Monday, February 15, 2016

Oh brother. Missouri's Clarence Thomas may now have to write a dissenting Supreme Court opinion. Only he can't write.

What's the Missouri connection to the impact of the unexpected mid-session death of Supreme Court Justice Antonin Scalia?  Scalia generally wrote the dissenting opinions for the Supreme Court, which has often delivered 5/4 decisions.

The problem is, who will write those decisions now?  It may fall to the arch conservative from under the St. Louis Arch, Justice Clarence Thomas.

We all remember Thomas's horrible confirmation hearing, where his cohorts dragged Professor Anita Hill through the mud.  The jokes.  The Coke can.    The Saturday Night Live spoofs.

He was a joke.  But still made it to the bench, promoted by his lobbyist wife.  Thomas was largely considered to have been finally and reluctantly confirmed by the Senate as America's first token black--in order to provide at least one black vote on the Supreme Court.  Even tho he was promoted by his former boss, Sen. Jack Danforth, Thomas was never heralded by anyone as a brilliant mind, a widely respected jurist--or a good writer.  

And I doubt he has spent any time improving his writing or reasoning skills since he was handed this lifetime appointment. He has sat back and let Antonin Scalia, the smartest most facile mind on the court, do all the work, the heavy intellectual lifting for his team.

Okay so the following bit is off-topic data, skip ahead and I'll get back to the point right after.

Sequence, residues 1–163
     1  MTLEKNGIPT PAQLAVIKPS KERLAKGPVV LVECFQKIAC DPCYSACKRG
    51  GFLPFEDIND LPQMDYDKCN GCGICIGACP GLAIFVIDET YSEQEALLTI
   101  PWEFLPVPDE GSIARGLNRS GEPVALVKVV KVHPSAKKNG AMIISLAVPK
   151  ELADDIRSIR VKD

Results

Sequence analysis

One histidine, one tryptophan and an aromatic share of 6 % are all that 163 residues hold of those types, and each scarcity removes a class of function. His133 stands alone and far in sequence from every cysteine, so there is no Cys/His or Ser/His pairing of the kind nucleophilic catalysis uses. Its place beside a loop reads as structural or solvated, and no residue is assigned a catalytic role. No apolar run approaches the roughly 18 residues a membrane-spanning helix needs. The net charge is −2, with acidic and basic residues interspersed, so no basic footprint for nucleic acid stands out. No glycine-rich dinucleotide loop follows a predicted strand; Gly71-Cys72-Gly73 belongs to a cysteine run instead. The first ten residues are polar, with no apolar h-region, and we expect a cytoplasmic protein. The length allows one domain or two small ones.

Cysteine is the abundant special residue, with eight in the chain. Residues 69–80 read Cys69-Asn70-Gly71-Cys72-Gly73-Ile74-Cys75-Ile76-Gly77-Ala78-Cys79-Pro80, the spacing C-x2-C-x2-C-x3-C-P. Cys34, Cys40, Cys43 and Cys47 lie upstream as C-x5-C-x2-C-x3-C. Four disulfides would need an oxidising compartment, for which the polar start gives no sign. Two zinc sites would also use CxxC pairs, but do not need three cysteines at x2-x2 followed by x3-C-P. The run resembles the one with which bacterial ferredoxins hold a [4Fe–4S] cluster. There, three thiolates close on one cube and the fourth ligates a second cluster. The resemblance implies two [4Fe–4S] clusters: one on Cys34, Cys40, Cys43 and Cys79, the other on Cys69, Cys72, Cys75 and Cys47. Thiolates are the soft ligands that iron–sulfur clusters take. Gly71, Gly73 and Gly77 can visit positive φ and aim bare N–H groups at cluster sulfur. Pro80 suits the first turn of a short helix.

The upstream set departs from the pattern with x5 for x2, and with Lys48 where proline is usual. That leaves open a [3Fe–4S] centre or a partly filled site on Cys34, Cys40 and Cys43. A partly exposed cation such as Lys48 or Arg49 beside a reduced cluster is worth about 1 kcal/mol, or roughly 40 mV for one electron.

So I asked an attorney who has appeared before the Supreme Court.  Follows the cases, is up to date on what this can all mean for America.  He wisely chose to remain anonymous, but here is what he shared:

"I disagree with Scalia's interpretation of the Constitution.  An 'originalist' takes the position that if it wasn't in the Constitution when it was written, it is not a Constitutional question. Ergo, abortion did not exist as an issue when the Constitution was written so it is not a Constitutional question.   

Think of the things that did not exist then. Telephones, the internet, etc.  And of course, abortion has been used quietly since caveman days, as a backup to birth control or a very sad emergency remedy for a faulty or dangerous late term pregnancy.  Never ideal, never any woman's first choice.  Never any doctor's first choice. The very rare medical or moral option, including cases of rape and incest and medical necessity for the life of the mother.  And not the business of a bunch of politicians, who have persisted in using the issue as a GOTV/Get out the vote strategy, just like gun control is misused.